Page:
Is there an old adage that tells us that anytime you feel a sense of loss of trust, it is truly only a loss of trust in self?
I sat in the front cart of a bicycle in the cycling capital of the world, and noticed that I implicitly trusted the friend who was cycling me around the city like a sack of groceries. He had told me he was used to cycling his kids around so it was no big deal. At one point, we were crossing a busy street. He watched the traffic go by and kept steady steering straight ahead until he knew it was safe to turn. He wasn’t taking risks or steering us into traffic. In that split second, I notice myself feeling my trust be affirmed. He did know how to ride, I felt safe. Any number of things could have happened but I knew that I felt secure with him.
So, what about when I don’t feel safe? When I’m in the car with someone who thinks they rule the road and know that nothing will happen so they inch ahead and push their wheels over the line? Someone who drives just a touch too fast. Is it true that they are driving less safely? Something bad is more likely to happen? In that moment, what is the anxiety that builds within me? What is it responding to and if it were a movie – and I were watching – with an option to direct the next step, what reaction would I choose for the main character? Do I ask the driver to slow down? Do I stay quiet? Do I decide to trust? Because, in the moment, if anything happens, I can trust that it was meant to?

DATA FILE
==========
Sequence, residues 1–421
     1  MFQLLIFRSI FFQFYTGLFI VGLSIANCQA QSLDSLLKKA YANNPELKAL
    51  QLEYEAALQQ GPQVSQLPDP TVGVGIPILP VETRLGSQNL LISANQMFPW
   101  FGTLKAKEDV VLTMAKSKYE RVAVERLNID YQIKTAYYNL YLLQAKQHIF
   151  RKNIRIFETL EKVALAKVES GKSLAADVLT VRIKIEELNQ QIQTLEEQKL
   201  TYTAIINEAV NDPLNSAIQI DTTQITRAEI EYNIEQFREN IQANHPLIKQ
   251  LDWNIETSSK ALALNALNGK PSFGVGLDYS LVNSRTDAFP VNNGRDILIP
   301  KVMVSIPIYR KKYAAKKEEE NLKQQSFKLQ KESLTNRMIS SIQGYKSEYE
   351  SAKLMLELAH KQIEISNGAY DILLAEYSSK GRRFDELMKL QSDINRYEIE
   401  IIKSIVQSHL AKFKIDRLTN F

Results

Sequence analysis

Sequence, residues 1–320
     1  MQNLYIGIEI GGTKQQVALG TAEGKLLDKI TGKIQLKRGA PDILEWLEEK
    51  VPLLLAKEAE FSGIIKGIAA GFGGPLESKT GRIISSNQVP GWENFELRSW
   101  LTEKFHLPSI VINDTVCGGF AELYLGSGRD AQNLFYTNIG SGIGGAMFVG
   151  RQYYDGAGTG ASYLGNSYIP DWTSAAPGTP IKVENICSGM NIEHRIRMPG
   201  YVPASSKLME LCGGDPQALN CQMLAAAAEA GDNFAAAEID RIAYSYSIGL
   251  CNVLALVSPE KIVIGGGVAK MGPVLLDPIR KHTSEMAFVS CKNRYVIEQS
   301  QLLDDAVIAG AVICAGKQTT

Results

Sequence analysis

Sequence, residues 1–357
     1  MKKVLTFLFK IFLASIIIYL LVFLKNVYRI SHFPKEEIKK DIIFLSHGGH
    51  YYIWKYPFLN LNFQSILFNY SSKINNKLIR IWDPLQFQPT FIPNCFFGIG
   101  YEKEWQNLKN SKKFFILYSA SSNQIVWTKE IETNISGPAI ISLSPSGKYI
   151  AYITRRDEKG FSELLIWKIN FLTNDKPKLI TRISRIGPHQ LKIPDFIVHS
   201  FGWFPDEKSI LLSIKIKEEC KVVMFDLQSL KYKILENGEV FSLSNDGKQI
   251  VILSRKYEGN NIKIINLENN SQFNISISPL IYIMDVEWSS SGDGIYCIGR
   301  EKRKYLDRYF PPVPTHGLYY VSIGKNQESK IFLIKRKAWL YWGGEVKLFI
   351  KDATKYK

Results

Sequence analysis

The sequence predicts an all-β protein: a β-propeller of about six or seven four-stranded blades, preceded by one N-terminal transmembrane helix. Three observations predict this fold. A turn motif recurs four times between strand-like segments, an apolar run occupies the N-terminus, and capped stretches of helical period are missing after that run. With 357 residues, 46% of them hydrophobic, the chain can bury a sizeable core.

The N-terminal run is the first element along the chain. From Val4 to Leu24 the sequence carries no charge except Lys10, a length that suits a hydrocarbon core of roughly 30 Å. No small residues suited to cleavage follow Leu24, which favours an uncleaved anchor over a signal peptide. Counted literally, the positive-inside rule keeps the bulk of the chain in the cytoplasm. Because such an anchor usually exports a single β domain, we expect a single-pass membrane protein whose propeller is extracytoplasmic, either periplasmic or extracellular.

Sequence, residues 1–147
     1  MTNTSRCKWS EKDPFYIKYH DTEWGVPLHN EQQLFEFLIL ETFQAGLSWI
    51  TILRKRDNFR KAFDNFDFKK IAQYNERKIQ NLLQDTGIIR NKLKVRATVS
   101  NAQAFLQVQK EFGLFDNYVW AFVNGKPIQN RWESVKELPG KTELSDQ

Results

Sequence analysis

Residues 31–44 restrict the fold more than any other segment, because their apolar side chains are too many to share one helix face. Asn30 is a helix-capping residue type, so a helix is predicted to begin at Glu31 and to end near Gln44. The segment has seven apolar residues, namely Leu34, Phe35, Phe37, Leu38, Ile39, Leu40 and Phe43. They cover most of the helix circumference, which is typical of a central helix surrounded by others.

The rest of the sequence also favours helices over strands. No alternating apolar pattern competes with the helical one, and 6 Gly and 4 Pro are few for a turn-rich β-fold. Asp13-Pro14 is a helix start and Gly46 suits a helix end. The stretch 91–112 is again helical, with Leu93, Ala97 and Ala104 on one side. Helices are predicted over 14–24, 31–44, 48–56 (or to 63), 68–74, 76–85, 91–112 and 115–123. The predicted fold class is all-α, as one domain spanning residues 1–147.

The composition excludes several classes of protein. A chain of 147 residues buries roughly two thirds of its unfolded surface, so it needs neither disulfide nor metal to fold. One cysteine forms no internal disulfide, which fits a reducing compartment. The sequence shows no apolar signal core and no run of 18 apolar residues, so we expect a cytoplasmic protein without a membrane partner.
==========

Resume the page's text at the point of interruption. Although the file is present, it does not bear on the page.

Where is the line between trusting that I won’t be hurt by some external factor and trusting the universe? Where is it that I am actually pushing that trust in myself onto someone else?
My cyclist friend gave me an example. He was struggling with a decision on whether or not his wife would relinquish some of her career growth so that he could ease up on the support of her and their family and focus a bit on his own career growth. He trusted that she would make space for him – but really, was it himself that he was waiting for? Was it purely a need to trust in himself that he was doing the right thing?
The breakdowns of trust I’ve shared here happen to me all the time. I immediately get reactive whether it’s about me or not. I worry that the universe might not have my back – that at some moment, the other shoe will drop. I keep that feeling in check, I look for the wind at my back – remind myself to relax into it. Or sometimes, I grip on so hard that the universe finally knocks me back and reminds me who’s in charge. It’s important for me to pause, let go and let that other power take over – to see myself as the director of the movie, rather than the character.
It’s never perfect, always a feedback loop. But in these moments, I know that I’m growing.